15. How long does the COVID-19 vaccine last once administered?
We won’t know how long vaccine immunity lasts until we have more data. This is being studied now. Once we learn how long the immunity lasts, we will make
plans to administer additional doses to our patients.
16. Can my minor child get the vaccine?
Currently the Emergency Use Authorization for the Pfizer vaccine is for 16 years and older. The Moderna vaccine is for ages 18 and older.
17. Are there any side effects to the COVID-19 vaccine?
While there is no evidence of long-term side effects, notable short-term side effects include fatigue, headache and possible low-grade fever. Most people
say these symptoms last about a day. These symptoms are a sign that your body is building an immune response—in other words, that the vaccine
18. Does the vaccine work/is it effective?
Primary efficacy analysis of the Pfizer and Moderna vaccines showed them to be 95 and 94 percent effective, respectively. That is good efficacy. (For reference,
the seasonal flu vaccine has an efficacy rate of 50 percent among some populations.) But that doesn’t mean you should throw away your masks or plan
a large gathering just yet.
19. Do I still have to wear a mask and follow the current COVID-19 preventative guidelines if I get the COVID-19 vaccine?
Yes. The CDC recommends that during the pandemic people wear a mask and practice physical distancing when in contact with others, including
others from your household, when in healthcare settings, and when receiving any vaccine, including a COVID-19 vaccine. This is because it is known
from the studies that people who get vaccinated do not get sick. What is still not known is if people who get vaccinated can pass the virus to others.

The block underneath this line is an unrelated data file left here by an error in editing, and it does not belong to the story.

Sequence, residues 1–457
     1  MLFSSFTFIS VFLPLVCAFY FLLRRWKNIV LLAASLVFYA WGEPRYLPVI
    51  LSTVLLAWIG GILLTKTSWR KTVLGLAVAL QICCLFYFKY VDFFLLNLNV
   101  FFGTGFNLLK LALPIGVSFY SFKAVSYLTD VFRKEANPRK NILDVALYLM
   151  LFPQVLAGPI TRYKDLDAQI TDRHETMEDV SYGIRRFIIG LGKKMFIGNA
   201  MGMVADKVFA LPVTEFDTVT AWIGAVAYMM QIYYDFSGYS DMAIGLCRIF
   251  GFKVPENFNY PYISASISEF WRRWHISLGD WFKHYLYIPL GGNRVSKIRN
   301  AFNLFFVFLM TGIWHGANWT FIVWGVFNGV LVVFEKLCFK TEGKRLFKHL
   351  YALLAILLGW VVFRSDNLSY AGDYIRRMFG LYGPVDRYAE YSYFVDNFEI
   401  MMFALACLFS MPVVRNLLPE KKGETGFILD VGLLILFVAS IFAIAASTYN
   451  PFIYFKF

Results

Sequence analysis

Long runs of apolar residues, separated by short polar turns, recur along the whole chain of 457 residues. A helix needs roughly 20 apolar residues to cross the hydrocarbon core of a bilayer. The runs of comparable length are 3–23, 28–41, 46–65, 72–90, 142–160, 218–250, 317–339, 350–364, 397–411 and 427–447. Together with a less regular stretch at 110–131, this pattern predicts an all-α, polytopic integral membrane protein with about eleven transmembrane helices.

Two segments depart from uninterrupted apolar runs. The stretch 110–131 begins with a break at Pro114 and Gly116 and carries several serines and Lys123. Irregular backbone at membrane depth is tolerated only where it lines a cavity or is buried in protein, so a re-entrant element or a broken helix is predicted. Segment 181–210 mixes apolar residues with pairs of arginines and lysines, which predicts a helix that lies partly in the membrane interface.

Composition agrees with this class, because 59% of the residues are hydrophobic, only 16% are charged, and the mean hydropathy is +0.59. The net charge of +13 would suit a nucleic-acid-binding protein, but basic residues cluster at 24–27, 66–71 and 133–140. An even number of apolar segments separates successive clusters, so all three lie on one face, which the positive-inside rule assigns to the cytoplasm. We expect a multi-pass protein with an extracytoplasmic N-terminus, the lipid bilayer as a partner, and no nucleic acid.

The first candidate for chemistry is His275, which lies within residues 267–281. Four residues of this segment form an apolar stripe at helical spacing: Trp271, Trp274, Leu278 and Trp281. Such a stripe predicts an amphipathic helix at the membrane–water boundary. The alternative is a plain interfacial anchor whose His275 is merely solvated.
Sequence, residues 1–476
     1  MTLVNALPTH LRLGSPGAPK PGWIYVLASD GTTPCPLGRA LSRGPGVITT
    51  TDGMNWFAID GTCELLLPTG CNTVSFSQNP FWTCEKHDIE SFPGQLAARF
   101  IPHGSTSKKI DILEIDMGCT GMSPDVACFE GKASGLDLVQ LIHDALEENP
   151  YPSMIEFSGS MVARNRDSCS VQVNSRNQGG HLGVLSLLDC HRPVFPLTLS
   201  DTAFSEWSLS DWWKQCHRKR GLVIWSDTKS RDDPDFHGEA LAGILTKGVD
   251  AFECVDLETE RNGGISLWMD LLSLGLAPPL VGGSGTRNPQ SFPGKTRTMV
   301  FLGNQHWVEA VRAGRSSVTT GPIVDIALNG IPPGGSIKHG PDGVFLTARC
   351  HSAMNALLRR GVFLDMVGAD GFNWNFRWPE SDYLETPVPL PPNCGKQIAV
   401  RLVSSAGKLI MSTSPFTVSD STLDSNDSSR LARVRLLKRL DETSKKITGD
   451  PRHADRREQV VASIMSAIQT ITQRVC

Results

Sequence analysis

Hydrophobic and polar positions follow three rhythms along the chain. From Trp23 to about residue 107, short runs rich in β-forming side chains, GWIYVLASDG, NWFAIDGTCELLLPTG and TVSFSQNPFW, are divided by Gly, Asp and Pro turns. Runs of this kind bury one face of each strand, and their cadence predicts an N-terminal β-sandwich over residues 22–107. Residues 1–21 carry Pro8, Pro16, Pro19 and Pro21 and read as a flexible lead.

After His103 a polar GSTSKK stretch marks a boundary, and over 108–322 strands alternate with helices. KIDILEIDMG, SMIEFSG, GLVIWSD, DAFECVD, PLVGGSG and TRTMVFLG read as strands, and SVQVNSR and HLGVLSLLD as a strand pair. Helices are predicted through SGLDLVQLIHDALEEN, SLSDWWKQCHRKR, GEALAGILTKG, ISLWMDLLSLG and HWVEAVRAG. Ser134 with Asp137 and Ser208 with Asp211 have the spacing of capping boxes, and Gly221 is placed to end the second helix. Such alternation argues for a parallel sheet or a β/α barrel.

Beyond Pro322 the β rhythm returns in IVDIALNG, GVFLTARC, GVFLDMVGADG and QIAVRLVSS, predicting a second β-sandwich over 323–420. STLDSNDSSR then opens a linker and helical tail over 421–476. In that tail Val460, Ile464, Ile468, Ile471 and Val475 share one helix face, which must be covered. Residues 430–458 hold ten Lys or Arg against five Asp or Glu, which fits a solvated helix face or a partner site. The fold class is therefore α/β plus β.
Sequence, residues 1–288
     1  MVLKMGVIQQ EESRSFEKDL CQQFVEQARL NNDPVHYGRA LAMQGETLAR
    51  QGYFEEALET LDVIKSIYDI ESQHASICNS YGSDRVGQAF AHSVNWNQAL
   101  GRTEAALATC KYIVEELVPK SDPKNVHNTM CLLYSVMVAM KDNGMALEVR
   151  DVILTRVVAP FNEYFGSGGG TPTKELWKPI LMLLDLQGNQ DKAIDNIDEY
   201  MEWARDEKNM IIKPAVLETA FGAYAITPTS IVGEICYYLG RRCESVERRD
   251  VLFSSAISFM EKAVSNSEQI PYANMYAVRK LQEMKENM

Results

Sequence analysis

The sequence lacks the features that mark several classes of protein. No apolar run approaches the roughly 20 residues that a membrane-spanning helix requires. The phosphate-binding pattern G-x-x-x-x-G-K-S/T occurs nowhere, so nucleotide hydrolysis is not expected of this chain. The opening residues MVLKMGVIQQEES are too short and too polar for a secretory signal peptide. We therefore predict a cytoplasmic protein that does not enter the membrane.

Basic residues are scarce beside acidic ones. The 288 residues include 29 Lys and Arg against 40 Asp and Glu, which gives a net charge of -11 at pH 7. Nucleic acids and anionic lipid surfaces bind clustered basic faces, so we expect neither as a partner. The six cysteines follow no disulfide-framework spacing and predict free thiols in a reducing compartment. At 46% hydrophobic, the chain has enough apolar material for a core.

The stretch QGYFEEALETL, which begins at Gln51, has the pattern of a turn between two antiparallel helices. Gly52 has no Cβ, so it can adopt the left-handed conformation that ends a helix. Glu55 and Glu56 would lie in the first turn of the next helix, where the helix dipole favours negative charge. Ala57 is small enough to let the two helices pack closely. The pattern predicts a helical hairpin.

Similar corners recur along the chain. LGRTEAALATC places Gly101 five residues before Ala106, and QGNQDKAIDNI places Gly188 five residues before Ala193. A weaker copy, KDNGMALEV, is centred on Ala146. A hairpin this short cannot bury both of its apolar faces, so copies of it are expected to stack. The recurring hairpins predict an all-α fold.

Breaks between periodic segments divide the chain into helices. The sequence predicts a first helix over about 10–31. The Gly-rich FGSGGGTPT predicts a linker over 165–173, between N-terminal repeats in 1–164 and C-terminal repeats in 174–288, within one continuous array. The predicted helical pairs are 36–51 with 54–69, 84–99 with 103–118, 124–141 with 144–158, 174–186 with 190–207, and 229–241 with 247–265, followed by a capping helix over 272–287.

20. There are several vaccines on the market. Are they all equally effective? Can I choose which one I want?
They are all effective, though some may be considered to be slightly more effective than others. We don’t believe the differences in effectiveness is something
to worry about. What is most important is decreasing your chances of getting sick with COVID-19 and all the vaccines that we will offer at Whitman-Walker
will do this.
Because demand for the vaccine is so high and our stock will change depending on what we receive from the city, we cannot accommodate requests from patients
on their preferred vaccine manufacturer.
21. How does the vaccine work?
All of the vaccine platforms work essentially the same way, but for purposes of this conversation we will talk specifically about the first two out of
the gate: the Pfizer and Moderna vaccines. Both of those vaccines make use of something called mRNA technology. It works by injecting people with a
tiny fat bubble, or lipid, containing a part of the “blueprint” material for the virus.
That blueprint gets into the muscle and eventually white blood cells. Then, the cells make a harmless piece of “spike protein,” which is the part on the
outer surface of the COVID-19 virus that binds to and infects your cells.
Your body then recognizes that the protein doesn’t belong there and builds an immune response, which is why you may feel some tenderness, headache or experience
a low-grade fever after getting the vaccine.
The other vaccines in development stages work essentially the same way, though they’ll use different methods than the mRNA technology to show your body
that harmless spike protein and prompt it to build an immune response to COVID-19.
22. I am due for other vaccines as well. Can I get the COVID-19 vaccine too?
No. At this time, CDC does not recommend the Pfizer vaccine be administered at the same time as other vaccines. Ideally, there will be
at least 14 days either before or after administration of other vaccines. Consider getting other vaccines at different times than when getting a COVID-19
23. Does the vaccine work as post-exposure prophylaxis?
The CDC does not recommend using the COVID-19 vaccine as post-exposure prophylaxis. Individuals with an exposure to COVID-19 should wait until their quarantine
period has ended before being vaccinated.